Smoothing of Interfacial Micron-Scale Roughness in a Ni/C X-ray Multilayer Mirror
Статья (Full article),
Journal of Experimental and Theoretical Physics Letters (JETP Letters)
, E-ISSN: 1090-6487
Budker Institute of Nuclear Physics, Siberian Division, Russian Academy of Sciences, Novosibirsk, 630090 Russia
Institute of Solid-State Chemistry and Mechanochemistry, Siberian Division, Russian Academy of Sciences, Novosibirsk, 630128 Russia
Boreskov Institute of Catalysis, Siberian Division, Russian Academy of Sciences, Novosibirsk, 630090 Russia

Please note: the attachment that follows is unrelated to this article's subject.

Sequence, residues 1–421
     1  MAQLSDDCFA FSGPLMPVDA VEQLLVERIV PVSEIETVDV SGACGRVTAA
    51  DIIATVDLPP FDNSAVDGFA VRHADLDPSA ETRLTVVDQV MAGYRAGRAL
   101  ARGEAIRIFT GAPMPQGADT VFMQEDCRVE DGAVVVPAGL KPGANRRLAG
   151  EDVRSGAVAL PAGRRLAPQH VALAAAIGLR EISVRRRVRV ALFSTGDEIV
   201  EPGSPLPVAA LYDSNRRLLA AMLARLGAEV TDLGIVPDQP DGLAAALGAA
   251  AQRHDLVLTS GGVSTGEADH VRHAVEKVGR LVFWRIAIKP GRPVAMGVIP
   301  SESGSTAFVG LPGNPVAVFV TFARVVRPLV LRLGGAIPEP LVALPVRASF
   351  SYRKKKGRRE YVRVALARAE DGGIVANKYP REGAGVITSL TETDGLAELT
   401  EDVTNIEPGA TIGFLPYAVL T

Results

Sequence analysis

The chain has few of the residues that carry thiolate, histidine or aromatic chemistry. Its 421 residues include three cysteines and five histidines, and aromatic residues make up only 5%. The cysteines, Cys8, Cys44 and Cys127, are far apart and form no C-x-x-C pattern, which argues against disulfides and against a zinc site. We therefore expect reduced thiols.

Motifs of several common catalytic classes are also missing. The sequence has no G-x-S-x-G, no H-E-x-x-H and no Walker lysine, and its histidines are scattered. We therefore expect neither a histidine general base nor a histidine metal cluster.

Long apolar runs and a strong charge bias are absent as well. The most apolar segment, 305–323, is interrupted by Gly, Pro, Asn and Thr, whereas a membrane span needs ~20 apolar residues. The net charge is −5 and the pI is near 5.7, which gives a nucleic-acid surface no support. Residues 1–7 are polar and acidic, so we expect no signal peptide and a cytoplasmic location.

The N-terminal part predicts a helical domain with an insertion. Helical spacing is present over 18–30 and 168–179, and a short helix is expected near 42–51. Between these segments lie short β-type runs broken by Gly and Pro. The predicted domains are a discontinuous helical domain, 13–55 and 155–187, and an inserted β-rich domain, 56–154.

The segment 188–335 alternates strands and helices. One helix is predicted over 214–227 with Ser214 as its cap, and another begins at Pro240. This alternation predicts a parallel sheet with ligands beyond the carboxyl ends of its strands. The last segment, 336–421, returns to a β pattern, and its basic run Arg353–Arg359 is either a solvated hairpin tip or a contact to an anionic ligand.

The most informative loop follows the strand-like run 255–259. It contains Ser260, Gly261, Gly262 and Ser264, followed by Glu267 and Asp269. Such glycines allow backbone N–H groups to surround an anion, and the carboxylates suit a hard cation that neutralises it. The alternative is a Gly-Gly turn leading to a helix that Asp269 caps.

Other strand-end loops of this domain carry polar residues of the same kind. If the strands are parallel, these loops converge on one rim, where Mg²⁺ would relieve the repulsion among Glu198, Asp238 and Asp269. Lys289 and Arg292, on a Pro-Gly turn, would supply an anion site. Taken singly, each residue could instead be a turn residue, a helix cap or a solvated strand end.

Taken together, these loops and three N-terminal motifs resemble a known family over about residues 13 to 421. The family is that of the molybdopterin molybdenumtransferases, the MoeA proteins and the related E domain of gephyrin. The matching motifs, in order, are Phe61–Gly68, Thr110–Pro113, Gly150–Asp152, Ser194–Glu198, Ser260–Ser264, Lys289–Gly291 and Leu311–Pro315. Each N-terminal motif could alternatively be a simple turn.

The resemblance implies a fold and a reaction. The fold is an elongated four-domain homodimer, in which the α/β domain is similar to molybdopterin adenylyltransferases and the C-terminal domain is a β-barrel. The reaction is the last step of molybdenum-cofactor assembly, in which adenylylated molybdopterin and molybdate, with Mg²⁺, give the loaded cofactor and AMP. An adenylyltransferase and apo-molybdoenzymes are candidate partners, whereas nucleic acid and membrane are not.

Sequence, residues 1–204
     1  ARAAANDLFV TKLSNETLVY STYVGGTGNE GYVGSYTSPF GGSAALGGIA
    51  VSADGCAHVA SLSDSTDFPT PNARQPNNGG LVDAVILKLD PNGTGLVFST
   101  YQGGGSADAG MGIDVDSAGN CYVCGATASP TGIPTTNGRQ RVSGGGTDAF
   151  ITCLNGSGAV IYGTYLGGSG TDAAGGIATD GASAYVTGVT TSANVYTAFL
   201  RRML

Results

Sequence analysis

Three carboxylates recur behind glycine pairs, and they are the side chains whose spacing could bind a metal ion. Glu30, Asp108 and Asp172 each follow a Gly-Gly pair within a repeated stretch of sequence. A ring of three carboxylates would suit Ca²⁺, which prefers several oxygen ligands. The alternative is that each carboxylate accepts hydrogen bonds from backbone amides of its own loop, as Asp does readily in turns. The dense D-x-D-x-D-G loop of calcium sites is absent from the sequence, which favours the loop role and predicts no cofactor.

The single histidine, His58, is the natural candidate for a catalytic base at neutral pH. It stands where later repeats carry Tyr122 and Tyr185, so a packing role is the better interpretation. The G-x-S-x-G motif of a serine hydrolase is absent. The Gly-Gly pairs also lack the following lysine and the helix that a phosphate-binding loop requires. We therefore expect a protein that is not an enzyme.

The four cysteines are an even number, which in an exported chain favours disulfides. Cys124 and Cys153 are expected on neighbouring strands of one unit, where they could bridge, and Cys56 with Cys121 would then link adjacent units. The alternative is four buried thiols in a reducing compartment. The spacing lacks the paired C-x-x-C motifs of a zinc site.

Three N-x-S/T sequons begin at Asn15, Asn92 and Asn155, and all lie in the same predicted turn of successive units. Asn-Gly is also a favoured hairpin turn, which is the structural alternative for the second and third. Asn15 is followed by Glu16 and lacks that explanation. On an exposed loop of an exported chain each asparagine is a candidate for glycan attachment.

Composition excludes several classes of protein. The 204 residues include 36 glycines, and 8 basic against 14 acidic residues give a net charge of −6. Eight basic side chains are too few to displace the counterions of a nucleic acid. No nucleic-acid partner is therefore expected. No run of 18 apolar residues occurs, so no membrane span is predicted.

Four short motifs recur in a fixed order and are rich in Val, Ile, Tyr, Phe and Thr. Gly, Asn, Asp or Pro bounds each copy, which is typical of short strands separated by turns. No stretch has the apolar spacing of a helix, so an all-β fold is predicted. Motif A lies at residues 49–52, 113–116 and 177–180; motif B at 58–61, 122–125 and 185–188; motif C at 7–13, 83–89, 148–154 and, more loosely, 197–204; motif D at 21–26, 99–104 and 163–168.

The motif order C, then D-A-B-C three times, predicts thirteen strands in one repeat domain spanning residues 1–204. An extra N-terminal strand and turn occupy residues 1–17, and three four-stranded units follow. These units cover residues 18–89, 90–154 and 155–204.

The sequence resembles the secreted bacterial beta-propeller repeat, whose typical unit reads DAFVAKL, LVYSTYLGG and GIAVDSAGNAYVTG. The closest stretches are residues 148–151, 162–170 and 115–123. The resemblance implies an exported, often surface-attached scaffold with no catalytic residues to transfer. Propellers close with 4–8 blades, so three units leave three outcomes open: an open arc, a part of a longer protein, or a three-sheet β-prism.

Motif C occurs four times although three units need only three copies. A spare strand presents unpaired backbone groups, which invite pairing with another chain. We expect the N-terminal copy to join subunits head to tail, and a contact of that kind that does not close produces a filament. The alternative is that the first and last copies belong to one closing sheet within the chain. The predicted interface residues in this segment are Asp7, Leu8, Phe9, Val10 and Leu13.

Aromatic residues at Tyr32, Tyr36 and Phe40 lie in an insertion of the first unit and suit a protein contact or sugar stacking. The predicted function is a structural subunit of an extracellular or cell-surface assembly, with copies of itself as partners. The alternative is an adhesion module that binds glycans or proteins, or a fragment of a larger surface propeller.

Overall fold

Correlation between the roughness of neighboring interfaces (roughness cross correlation) in a Ni/C X-ray multilayer mirror (XMM) prepared by laser ablation was studied by measuring X-ray diffuse scattering (XDS). The XDS intensities in the vicinity of the first Bragg reflection were measured at different photon energies: slightly below (8.325 keV) and slightly above (8.350 keV) the nickel photoabsorption K edge. The effective screening of the contribution from the deep layers to the XDS cross section due to the strong damping of the wave field at a photon energy higher than the photoabsorption edge allowed information on the character of the in-depth roughness cross correlation in the sample to be obtained. In particular, the characteristic lateral correlation length of the roughness was 0.35 µm at a photon energy of 8.325 keV (the contribution to the XDS cross section of the entire XMM volume), and it increased to 0.4 µm at a photon energy of 8.350 keV (predominantly the contribution from the upper layers). These data give direct evidence for the mechanism of smoothing of the interfacial roughness in the process of Ni/C XMM growth on anomalously large (up to micron) spatial scales. It was found that only rough large-scale defects with sizes of ≥10 µm are reproduced reasonably well from layer to layer. The processes of viscous flow and (or) reevaporation of high-energy target ions during deposition, which is characteristic of the laser method of XMM preparation, may serve as a possible explanation of the observed phenomenon.